The Balcony | My Family Travels
The Boardwalk Inn
The four hour and thirty minute drive to Kemah, Texas was enough to give me the audacity to jump out the window and join the bugs as they splat against the passing cars. I sleep half the time and look out the window the other half of the time. I am always looking, looking out of the window to see something to pull me out of my trance, to inflict what a journey should bring. To inflict gratitude, awe and wonder is what I beg for from a new destination, from a new book or from whatever. I yearn for it so much so that I almost forget that it is there as my constant companion. There are brief moments when it rises back up again, but memory always lets the wind carry it away, but this vacation anchored it down. This vacation anchored gratitude, awe and wonder back to me.
 
Kemah’s Boardwalk Inn is conveniently sitting on the gulf, situated only twenty or thirty minutes between Galveston beach and NASA. The Boardwalk Inn is a white structure that curves inward to the boardwalk and it’s bright-eyed guests. It is quaint and warm from the air that blows over the bay, a bay that mixes fresh and salt water into a blue-greenish tinge. With luggage being dragged sorely behind my family and I, we slip the keycard into the door. If it hadn’t have been heard before, the music now drifted lively through the balcony door to greet us. We spent the night on the balcony. The sun set against our faces as we drifted in and out of our hotel room. My dad had his legs propped up on the railing with a cold beer in his hand, he had Noah, my nine year old brother on his lap bouncing to the music. He threw me a couple of strong thumbs ups and high fived with my fifteen year old brother, Nicholas. It was just my family out there for minutes at a time. My mom would emerge and my dad’s arm would wrap around her waist pulling her to him, he would proceed in asking her,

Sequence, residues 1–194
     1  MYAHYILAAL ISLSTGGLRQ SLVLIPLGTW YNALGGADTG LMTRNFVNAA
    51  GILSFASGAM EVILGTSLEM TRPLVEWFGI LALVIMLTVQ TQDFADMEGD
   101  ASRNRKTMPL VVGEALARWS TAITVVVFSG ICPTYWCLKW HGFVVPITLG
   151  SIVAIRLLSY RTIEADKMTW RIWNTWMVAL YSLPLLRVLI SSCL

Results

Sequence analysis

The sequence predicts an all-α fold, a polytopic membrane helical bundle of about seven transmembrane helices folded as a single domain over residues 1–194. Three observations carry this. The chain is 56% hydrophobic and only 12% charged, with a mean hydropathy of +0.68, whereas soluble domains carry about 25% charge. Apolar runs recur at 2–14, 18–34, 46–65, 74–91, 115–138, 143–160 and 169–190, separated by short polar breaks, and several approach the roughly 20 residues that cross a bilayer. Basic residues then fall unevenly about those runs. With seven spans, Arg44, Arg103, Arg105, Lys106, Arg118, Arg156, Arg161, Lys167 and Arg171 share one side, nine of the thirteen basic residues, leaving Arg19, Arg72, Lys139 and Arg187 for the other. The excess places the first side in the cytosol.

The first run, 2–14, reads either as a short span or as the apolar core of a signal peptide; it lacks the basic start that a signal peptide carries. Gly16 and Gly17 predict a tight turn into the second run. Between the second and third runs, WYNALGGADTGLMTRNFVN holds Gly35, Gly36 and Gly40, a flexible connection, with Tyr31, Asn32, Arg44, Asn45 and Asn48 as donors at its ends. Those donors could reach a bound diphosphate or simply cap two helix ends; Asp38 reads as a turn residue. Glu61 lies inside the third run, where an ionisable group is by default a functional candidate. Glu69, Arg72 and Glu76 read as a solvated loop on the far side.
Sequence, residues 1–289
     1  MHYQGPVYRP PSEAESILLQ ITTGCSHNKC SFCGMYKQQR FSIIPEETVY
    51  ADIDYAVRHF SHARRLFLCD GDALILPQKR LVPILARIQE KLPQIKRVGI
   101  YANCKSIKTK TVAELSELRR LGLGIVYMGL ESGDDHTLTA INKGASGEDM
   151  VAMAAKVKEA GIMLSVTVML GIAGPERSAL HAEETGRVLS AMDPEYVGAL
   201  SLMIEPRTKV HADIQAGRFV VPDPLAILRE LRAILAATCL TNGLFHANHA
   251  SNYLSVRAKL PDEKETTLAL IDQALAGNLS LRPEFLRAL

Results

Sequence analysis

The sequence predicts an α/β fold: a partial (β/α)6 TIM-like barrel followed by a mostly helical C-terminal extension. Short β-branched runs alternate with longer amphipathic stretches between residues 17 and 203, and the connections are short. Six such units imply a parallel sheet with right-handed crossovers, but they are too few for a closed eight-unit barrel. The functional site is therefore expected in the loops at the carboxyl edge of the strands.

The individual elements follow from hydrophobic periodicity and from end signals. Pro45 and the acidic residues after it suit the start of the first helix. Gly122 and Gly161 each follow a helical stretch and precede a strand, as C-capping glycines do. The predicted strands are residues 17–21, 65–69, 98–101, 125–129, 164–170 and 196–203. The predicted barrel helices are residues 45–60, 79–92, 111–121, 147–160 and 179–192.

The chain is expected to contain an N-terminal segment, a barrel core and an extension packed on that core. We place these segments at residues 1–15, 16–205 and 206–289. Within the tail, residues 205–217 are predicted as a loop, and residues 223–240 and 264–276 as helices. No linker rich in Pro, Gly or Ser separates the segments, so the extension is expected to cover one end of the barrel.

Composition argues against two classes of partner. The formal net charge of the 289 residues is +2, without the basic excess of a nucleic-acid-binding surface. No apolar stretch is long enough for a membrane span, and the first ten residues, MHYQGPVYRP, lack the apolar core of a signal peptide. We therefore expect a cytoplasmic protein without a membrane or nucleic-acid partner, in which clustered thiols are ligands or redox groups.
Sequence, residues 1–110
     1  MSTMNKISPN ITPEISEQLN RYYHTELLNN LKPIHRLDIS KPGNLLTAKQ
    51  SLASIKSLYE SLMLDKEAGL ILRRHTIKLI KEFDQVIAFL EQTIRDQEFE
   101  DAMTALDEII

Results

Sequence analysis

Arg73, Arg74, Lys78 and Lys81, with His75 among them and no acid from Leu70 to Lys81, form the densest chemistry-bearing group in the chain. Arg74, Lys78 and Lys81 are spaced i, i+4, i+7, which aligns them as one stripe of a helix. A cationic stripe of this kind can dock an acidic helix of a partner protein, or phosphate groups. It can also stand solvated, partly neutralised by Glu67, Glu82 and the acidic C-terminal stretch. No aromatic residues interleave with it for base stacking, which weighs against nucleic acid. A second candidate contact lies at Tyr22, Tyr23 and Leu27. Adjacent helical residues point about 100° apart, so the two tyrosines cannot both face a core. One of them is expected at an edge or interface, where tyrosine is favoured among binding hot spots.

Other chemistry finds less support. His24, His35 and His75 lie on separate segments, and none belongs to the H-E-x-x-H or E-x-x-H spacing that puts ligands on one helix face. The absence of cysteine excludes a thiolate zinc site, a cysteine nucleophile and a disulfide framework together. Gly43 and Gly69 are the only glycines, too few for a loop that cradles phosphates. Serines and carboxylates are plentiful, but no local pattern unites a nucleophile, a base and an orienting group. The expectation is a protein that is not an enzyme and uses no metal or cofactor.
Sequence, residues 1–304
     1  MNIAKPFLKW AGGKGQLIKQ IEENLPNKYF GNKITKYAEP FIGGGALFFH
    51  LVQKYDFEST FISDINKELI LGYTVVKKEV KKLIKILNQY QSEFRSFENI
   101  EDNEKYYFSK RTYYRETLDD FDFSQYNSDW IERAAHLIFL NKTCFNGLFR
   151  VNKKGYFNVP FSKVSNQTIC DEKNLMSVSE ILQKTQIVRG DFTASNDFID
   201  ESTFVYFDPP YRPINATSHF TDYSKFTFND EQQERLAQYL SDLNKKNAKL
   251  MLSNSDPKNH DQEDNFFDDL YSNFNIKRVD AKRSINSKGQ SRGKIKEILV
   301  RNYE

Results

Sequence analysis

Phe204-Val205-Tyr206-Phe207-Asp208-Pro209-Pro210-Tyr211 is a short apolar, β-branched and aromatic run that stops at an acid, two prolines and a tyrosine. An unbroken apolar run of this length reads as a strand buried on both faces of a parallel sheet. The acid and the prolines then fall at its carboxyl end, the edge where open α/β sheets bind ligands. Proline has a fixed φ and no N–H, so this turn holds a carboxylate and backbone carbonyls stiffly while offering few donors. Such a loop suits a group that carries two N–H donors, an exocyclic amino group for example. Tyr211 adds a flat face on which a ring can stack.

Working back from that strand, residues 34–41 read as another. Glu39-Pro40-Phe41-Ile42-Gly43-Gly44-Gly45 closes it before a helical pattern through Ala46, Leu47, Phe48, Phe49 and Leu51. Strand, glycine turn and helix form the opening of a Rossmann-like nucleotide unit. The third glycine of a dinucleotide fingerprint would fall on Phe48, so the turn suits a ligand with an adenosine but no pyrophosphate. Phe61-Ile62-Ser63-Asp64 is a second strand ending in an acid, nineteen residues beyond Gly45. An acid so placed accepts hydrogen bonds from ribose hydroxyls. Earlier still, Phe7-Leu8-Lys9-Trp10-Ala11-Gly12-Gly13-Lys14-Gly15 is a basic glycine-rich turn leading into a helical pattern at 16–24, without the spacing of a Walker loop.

“This is the life, isn’t it?”
 
She would answer in agreement from a low rumble in her throat. But, it was. It was a moment of sure goodness. I was in wonder. Wonder is often lost in this world. We are desensitized and all-knowing. It is hard to find goodness, truth and beauty in a moment and recognize it as it is and to be in wonder of it. I could see it standing on that balcony, leaning forward, supported by my elbows. It was there glowing in my eyes. Beauty from my parents, a love that I often overlooked that was as kind and as simple as an arm around a waist. Goodness from the bay, that kissed the boardwalk in a soothing rhythm back and forth never retreating, but always crawling back. Truth of the moment, that I was real and grounded in this world to feel a moment of wonder that many are too busy to uncover. It is almost paralyzing to know that the moment of sheer wonder that I marvel over is but a flicker in time, ignored and trivial. But, it is my flicker in time that surpasses life’s tragedies, my tragedies, that I share and share and share with you. The vacation at Kemah grew from that balcony. We visited NASA at Houston and swam with the seaweed at Galveston Beach. All great, but not wonderful, not like that first night. 

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